A couple of years ago I attended a lecture given by New Yorker art critic Peter Schjeldahl at Mills College. Schjeldahl discussed his fascination with the workings of the human brain and the way that memory is constructed and stored. As a result of his memory explorations Schjeldahl compared the practice of narrative painting to the composition of a memory or a moment in time and that if the work is successful the viewer is left with all the information they need to recount the moment being expressed.
I have chewed on this at great length since and have recently began exploring this idea. First with the following:
Fargo 1968, acrylic on paper, 2007
This is the first painting I've made in probably 6 years. It depicts my mom and one her brothers when she was a teenager. There are things about that I like and many others that I don't. This piece is about 2.5"x2.5". My thought was that if the work is really tiny then the viewer will have to get close to it to reveal the necessary information present. After finishing it I realized it wasn't quite small enough so now I've begun working about .5" of a square inch smaller. I am hoping that from a distance what is unclear because of the scale will work much the same way that a memory does. Sorta like how no matter how hard you try you can't envision your mother's face perfectly when you close your eyes even though you've probably seen it a million times, or if you try to mentally reconstruct your bedroom only key things stand out. We shall see.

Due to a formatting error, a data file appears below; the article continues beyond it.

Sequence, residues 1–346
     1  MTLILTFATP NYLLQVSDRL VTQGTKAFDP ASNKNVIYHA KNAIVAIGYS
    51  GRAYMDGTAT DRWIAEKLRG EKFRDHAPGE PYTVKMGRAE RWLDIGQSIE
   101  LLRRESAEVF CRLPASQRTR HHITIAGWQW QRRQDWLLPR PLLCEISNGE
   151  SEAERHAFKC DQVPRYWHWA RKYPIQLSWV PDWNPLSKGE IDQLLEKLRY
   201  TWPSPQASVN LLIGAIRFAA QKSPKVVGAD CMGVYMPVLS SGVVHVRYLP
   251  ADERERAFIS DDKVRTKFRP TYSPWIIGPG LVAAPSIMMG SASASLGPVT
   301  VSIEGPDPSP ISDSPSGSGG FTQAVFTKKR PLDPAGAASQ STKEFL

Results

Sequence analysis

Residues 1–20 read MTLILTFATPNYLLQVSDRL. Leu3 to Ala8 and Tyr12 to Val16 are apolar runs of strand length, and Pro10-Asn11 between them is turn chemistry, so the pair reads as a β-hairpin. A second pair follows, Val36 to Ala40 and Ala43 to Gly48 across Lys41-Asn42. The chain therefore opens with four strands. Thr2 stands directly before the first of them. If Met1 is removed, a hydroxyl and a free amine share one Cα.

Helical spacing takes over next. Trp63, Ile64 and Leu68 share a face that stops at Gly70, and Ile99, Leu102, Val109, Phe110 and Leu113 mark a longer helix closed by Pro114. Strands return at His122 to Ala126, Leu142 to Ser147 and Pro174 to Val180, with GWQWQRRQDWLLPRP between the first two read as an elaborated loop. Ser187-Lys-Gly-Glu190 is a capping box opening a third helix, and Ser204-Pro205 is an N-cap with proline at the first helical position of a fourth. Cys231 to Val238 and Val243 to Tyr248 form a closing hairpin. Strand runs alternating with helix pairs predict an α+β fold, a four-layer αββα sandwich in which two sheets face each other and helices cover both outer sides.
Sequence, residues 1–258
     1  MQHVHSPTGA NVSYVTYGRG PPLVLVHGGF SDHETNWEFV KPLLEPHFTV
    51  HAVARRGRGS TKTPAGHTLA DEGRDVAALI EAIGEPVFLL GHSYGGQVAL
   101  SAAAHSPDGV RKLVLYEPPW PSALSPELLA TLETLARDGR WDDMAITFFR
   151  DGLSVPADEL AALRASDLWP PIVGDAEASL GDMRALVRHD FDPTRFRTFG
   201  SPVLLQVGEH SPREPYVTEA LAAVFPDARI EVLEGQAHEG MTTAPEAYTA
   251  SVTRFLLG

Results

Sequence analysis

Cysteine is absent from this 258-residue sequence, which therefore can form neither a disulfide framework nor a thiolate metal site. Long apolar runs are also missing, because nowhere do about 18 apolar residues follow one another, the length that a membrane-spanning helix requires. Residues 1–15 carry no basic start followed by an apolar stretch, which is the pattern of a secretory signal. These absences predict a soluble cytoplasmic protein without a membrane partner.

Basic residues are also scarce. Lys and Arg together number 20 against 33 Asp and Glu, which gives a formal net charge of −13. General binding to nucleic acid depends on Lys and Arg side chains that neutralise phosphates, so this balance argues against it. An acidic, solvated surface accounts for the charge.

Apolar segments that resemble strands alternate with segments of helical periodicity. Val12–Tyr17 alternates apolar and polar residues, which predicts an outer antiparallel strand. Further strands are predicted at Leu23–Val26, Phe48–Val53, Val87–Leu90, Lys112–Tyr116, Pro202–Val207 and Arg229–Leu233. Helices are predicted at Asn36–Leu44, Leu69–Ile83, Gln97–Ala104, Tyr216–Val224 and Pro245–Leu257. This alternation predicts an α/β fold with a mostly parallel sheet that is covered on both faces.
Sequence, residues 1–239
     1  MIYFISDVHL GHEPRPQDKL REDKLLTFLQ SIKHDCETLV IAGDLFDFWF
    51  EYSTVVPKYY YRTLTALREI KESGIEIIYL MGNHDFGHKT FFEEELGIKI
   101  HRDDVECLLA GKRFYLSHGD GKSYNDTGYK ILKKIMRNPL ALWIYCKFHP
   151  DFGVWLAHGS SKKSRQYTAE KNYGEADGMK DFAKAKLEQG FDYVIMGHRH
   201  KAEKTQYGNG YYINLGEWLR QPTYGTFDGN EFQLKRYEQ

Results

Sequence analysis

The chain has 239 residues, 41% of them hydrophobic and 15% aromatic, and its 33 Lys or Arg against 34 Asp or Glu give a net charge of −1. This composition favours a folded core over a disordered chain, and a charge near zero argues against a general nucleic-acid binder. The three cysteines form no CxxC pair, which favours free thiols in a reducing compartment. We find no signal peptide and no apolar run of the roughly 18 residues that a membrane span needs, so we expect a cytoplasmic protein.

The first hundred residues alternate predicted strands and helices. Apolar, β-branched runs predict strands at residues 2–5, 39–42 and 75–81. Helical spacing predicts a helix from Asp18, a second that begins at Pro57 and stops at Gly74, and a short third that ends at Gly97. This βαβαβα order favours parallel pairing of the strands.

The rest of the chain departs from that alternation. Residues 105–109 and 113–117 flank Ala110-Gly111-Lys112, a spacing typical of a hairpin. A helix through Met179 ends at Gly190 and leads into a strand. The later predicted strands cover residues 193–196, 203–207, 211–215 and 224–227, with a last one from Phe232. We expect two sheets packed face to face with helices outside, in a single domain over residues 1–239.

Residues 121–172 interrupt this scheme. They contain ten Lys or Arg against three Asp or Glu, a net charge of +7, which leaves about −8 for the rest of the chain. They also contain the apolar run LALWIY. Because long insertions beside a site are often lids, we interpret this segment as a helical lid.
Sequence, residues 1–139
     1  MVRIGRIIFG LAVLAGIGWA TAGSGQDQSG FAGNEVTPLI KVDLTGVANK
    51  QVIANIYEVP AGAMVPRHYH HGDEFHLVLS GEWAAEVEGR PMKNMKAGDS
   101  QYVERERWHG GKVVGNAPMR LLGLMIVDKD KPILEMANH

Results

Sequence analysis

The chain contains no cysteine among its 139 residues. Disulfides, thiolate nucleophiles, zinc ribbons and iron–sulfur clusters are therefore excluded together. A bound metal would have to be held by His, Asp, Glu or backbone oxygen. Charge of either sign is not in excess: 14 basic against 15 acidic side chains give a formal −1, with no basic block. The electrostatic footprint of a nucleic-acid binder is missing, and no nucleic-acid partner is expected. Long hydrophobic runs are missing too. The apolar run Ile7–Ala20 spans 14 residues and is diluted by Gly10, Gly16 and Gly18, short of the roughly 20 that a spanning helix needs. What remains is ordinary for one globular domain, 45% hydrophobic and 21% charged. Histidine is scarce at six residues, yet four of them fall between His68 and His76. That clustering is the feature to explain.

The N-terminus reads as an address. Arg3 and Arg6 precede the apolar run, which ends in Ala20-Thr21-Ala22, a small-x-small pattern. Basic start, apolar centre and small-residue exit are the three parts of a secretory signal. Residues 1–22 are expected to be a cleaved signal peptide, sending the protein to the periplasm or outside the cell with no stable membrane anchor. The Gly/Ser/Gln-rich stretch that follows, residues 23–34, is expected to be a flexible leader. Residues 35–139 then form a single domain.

In the meantime I am stoked that National Geographic came out with an issue devoted to memory this month!